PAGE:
Epidimiological studies suggest that 40-60% of the general population have at least one sign of a temporomandibular disorder (TMD). That means that it's not uncommon for such a patient to present at the dental clinic seeking for advise or treatment. Also some dental procedures such as dental anesthesia, third molar extraction, endodontic treatment might secondary cause such a disorder. The general dentist does not necessarily need to treat this cases if he/she do not feel comfortable with but they should have the knowledge to recognize the disorders, advise the patient and be able to prevent these disorders from happening during routine dental treatment.
Occlusion is one of the most important part of dentistry but also the most controversy. The equilibrium and the restore of function of the stomatognathic system is often an everyday challenge during most dental treatments. For these two distinct reasons the dentist needs to study and fully understand the normal function of the TMJoints, understand how the mandible rests against the cranium in a most favorable position, and of course how occlusion and any dental prosthetic restorations should be adjusted without jeopardizing the stability of the stomatognathic system.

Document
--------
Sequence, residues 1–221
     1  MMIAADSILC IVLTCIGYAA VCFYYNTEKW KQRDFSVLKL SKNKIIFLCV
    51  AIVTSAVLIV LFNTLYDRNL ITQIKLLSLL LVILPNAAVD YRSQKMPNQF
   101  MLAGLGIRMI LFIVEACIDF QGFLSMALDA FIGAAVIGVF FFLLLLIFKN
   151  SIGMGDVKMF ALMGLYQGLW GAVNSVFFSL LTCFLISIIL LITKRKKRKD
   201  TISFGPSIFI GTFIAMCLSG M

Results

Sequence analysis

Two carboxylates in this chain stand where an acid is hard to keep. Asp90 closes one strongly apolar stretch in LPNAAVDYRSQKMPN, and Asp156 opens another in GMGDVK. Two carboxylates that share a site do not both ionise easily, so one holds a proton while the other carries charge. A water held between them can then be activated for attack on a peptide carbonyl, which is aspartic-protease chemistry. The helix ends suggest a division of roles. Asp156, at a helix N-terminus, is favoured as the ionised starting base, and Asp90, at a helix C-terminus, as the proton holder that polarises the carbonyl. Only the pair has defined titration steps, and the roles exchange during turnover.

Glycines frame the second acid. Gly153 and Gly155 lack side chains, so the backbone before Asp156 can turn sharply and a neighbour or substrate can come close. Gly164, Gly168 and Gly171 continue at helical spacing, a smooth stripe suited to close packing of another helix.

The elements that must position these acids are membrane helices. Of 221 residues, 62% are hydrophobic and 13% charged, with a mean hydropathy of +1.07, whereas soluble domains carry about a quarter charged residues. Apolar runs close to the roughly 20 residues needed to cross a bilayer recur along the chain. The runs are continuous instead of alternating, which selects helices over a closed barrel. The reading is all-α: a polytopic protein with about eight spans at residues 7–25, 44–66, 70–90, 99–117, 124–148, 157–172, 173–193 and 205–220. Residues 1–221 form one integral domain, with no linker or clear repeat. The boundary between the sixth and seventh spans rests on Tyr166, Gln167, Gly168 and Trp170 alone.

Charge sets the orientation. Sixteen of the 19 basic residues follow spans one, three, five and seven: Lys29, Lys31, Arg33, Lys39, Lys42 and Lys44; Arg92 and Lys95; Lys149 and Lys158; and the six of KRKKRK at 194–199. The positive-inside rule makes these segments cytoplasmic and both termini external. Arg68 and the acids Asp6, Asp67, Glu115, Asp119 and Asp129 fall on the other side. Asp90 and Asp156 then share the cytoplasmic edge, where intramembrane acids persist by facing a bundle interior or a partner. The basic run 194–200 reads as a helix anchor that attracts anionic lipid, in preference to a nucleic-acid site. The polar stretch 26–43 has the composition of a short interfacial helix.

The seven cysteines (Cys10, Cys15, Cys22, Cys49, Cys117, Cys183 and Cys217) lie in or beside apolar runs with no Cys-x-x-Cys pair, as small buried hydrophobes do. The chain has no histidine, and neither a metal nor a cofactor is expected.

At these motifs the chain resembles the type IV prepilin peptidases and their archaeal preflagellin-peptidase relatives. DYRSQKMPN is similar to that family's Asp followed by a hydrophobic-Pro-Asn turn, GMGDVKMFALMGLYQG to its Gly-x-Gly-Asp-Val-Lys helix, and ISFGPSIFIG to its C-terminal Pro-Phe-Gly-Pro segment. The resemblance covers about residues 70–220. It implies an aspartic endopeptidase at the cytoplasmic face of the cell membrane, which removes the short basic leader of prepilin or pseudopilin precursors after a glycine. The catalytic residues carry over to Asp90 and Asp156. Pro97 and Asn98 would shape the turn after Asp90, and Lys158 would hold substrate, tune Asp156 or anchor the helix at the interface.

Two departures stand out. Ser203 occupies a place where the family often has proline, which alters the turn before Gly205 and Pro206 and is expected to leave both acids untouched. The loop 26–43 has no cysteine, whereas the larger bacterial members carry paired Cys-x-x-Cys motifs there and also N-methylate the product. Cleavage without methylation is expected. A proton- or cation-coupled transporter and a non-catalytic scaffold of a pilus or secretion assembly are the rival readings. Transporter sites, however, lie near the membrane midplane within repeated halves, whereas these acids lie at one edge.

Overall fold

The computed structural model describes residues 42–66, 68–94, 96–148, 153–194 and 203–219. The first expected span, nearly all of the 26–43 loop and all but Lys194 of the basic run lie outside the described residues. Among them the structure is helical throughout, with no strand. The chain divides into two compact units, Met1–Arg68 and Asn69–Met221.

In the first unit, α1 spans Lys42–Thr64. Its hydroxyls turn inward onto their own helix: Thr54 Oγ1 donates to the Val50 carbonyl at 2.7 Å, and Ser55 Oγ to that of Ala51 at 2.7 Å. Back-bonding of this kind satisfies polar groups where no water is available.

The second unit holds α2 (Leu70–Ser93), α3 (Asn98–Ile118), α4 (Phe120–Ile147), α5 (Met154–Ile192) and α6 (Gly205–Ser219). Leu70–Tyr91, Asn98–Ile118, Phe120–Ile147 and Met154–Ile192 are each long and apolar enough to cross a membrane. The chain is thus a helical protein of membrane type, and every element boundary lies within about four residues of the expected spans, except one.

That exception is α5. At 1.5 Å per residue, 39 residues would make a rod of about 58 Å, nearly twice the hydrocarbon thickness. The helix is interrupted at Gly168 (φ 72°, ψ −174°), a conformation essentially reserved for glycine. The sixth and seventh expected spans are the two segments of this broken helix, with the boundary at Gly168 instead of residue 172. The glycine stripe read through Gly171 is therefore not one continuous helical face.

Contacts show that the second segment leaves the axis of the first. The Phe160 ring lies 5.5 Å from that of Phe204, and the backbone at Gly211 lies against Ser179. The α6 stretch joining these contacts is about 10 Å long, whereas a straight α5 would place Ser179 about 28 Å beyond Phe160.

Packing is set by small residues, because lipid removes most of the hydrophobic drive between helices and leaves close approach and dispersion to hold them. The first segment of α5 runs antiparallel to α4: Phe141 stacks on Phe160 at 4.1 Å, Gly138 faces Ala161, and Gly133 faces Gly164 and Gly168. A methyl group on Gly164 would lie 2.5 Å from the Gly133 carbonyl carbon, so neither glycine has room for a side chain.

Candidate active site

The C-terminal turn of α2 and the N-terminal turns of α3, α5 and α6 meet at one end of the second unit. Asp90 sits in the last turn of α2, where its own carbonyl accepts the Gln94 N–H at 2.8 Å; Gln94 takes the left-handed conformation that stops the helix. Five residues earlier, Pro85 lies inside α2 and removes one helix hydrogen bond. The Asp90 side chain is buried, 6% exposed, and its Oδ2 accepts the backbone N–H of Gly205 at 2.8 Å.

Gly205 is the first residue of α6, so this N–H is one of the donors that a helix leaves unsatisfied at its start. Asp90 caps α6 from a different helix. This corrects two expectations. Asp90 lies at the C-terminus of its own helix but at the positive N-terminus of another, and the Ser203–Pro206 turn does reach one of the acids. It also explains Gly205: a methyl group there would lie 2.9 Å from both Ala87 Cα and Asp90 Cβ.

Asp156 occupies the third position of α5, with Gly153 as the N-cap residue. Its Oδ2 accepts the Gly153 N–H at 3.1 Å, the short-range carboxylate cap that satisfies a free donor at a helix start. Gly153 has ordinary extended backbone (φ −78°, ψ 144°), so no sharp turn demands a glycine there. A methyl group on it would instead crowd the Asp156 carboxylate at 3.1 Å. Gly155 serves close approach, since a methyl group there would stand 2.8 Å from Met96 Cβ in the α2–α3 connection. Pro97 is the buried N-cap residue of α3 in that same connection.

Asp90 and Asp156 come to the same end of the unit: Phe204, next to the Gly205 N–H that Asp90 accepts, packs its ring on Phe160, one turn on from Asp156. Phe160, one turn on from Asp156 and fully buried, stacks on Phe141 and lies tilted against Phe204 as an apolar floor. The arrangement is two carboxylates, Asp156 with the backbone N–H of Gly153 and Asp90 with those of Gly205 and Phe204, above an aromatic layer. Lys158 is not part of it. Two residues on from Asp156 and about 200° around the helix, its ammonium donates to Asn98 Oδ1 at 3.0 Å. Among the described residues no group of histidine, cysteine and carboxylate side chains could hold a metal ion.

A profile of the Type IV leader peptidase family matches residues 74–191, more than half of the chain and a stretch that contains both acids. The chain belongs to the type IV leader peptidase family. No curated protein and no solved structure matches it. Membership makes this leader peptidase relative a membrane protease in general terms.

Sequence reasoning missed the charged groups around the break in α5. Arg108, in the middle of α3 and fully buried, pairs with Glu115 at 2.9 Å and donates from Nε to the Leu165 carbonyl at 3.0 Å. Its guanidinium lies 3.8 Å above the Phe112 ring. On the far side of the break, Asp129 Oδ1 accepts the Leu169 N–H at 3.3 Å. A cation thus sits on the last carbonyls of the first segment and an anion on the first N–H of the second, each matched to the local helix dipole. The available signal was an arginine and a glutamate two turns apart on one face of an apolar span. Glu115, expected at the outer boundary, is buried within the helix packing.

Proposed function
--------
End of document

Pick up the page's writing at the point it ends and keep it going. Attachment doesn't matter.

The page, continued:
If in your clinical practice you were puzzled with:
-A very loud "clicking" of the TMJ
-A very well adjusted intraoral appliance that fails to address patients symptoms
-A excellent tooth feeling or crown that caused pain in the face and functional limitations
-An extraction that caused limitation of mouth opening to the patient
-A patient that had no stable bite to register
-Full mouth restoration that upon delivery the patient returned with a severe malocclusion
-A painful tooth that is intact and has no clinical reason for the pain symptom
...this seminar might be useful since we will address these clinical everyday problems. The participants will learn the normal function of the TM Joints, the different temporomandibular disorders and how to differentiate diagnose among them and of course how occlusion really affects and how occlusion should be adjusted as a functional part of a healthy stomatognathic system.